Ann Arbor ranks No. 1 again in 150 most and least educated cities in U.S.

What could change how well these areas do in the future? One higher education leader proposes a radical change.
By: | July 28, 2022
Matthew Schwartz/Unsplash

Inflation is impacting every metro area of the United States, from Ann Arbor, Mich., to Visalia, Calif. But are the best-educated cities—those that feature the most bachelor’s degree holders and have high levels of attainment in K-12 schools—better insulated from its impacts?

Perhaps. In WalletHub’s annual analysis of the Most and Least Educated Cities in America, the affluent city of Ann Arbor, Mich., came out on top again. Ann Arbor and nearby Madison, Wis., the No. 4 choice, are also likely better positioned to absorb the pains of rising costs because of educational attainment, high-paying jobs and, of course, their esteemed universities.

“Throughout the United States, cities or regions with higher education institutes are registering growth,” said Aneesh Aneesh, professor of sociology at the University of Wisconsin-Madison. “Look at Madison in Wisconsin or Austin in Texas. Their high-tech growth cannot be imagined without UW Madison and UT Austin. A quick look at the map of education levels will reveal that high-growth areas are also highly educated.”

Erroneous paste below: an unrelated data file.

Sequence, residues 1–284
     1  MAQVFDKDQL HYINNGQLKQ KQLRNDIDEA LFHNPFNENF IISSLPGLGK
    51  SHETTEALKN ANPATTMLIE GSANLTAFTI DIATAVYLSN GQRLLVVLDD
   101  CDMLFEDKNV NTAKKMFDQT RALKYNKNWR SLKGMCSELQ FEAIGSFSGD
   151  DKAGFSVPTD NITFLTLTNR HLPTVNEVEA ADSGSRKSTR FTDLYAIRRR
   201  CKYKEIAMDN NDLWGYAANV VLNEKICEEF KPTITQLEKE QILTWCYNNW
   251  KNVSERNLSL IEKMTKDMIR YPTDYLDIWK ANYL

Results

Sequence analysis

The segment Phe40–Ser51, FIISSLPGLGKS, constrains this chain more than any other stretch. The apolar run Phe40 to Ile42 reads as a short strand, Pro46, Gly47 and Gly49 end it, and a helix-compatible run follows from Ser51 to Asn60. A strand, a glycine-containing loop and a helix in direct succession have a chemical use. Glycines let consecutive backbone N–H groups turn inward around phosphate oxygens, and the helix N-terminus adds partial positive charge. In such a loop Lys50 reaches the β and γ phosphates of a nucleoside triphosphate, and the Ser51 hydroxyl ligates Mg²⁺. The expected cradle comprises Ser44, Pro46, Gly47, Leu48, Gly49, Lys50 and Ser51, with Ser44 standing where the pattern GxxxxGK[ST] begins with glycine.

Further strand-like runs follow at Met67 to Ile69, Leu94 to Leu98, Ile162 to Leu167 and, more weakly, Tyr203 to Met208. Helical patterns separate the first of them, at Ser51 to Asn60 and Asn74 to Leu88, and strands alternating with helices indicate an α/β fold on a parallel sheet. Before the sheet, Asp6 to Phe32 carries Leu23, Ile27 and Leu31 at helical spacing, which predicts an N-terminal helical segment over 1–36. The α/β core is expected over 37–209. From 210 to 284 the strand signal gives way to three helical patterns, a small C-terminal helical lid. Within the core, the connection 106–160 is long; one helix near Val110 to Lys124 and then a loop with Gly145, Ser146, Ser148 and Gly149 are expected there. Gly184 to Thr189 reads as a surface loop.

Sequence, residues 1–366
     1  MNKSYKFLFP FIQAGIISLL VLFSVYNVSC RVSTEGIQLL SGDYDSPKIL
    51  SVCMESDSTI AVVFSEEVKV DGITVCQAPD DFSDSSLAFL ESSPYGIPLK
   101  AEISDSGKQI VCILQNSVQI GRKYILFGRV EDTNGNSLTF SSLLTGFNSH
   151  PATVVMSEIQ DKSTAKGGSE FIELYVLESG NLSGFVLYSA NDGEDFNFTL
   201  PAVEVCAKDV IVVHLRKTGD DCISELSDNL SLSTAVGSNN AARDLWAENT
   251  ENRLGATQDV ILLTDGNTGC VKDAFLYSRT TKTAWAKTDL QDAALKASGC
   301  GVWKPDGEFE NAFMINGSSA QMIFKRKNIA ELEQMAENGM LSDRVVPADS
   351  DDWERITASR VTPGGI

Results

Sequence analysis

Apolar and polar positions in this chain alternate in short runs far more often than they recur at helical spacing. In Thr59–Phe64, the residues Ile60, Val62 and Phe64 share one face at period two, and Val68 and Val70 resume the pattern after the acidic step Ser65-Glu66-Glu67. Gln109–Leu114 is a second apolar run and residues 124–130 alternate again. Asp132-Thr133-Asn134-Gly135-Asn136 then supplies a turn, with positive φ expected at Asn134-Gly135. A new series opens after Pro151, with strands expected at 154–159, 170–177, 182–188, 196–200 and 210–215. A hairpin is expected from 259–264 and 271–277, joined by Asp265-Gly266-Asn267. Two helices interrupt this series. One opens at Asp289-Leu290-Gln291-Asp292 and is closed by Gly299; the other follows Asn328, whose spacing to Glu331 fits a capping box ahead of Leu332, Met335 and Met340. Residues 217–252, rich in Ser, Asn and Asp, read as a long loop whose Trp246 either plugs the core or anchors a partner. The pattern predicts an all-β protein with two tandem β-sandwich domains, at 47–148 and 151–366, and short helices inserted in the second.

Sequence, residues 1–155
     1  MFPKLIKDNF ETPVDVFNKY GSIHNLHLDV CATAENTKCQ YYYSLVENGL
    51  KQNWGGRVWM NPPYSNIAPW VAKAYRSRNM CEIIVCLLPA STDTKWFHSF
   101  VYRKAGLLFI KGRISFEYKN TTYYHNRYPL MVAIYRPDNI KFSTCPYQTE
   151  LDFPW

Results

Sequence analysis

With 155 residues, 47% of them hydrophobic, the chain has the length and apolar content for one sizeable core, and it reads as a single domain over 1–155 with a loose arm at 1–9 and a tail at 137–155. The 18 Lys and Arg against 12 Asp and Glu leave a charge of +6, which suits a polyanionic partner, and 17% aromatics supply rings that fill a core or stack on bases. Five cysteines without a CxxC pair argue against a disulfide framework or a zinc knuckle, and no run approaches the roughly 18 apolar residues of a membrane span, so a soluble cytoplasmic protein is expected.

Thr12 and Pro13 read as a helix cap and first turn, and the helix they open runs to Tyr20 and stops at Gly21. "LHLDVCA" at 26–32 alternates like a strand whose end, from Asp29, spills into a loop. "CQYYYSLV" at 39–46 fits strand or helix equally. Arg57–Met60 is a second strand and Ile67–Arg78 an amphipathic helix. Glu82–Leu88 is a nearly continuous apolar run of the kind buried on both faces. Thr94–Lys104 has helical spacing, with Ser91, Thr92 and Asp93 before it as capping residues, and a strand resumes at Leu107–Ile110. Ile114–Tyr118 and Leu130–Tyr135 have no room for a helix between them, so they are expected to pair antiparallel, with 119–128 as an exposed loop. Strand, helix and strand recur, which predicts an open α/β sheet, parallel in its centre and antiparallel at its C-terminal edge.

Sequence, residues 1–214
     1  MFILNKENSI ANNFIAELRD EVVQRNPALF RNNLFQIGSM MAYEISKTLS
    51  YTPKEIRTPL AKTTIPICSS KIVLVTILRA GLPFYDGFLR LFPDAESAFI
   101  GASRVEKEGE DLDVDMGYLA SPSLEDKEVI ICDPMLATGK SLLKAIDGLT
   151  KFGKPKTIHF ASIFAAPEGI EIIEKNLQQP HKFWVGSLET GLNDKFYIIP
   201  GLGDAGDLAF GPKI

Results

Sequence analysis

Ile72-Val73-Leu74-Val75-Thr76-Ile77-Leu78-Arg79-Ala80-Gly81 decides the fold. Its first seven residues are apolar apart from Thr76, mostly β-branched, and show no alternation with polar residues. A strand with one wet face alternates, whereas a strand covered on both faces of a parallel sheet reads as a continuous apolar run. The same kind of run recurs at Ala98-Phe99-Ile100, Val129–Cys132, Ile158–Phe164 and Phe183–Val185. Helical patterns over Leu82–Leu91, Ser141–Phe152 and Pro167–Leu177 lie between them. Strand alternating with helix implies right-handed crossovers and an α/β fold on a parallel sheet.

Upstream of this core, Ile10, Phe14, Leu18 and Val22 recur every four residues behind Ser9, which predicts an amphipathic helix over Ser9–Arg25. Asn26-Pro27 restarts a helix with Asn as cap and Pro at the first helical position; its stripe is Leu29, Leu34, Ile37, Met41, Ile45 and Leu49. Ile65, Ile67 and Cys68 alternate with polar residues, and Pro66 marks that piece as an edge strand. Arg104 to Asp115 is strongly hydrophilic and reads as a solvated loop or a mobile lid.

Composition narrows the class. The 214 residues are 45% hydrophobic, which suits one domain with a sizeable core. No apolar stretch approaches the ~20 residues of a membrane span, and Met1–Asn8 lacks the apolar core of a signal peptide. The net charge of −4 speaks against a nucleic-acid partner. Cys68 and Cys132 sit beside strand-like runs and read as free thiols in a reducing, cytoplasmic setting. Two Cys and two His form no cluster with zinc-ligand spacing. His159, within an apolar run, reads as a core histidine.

In the study, which looked at individuals 25 and over in the 150 most sizable metropolitan areas in the U.S., San Jose-Sunnyvale-Santa Clara ranked No. 2 this year, followed by Washington, DC-Arlington, VA. The rest of the top 10 includes tech-heavy centers San Francisco-Oakland (No. 5) and Boston (No. 6), along with Durham-Chapel Hill, NC (No. 7), Raleigh-Cary, NC (No. 8), Seattle-Tacoma (No. 9) and Austin (No. 10).

Not all cities in the Top 10 scored well in both of WalletHub’s overarching categories, which included “Education Attainment” (degrees, diplomas, some college) at 80% and “Quality of Education and Attainment Gap” at 20% (quality of public schools, the average quality of universities, enrolled students in the top 1,015 universities, summer learning opportunities, racial and gender education gaps and education income equality). For example, Madison was No. 2 in educational attainment but only 49th in the second category.

One of the largest differences was No. 11 Bridgeport-Stamford-Norwalk, CT, which encompasses both affluent and poor areas. While it ranked No. 8 for educational attainment, its education quality and attainment gap were near the bottom at No. 146.


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Many of the cities with low rankings were in agricultural regions in California or border and western areas of Texas. They included Visalia, a Central Valley city of more than 100,000 in California, at No. 150. Modesto to the north and neighboring Bakersfield came in at No. 146 and No. 147, respectively, while McAllen and Brownsville, Texas, followed. Interestingly, while McAllen ranked lowest in the nation on educational attainment, the quality of its education and attainment gap was No. 9 in the country, ahead of Honolulu, Austin and New York City.

Although it might take decades for some cities to climb the charts, Aneesh said transformational relief might be a start for those in the bottom half of the list.